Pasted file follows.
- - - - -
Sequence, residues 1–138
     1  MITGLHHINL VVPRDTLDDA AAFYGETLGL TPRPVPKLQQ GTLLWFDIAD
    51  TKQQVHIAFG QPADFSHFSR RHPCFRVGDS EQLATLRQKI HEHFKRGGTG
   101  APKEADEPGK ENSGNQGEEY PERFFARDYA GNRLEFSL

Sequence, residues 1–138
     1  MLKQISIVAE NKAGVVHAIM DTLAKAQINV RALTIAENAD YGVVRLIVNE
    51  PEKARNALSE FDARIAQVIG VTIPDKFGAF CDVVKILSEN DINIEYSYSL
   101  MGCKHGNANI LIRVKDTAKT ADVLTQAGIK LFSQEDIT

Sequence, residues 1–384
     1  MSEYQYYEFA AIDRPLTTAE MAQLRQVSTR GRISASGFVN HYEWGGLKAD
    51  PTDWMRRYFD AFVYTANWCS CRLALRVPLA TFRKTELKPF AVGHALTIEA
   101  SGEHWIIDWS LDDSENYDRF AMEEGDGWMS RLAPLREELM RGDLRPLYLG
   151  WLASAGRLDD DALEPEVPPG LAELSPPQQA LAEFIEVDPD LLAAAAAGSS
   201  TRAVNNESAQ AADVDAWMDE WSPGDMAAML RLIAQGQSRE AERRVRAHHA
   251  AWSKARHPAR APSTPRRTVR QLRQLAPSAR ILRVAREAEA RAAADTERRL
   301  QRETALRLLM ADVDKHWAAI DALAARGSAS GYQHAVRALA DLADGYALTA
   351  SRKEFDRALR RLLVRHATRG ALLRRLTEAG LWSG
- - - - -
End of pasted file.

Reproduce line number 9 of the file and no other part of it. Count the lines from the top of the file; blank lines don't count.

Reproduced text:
Sequence, residues 1–384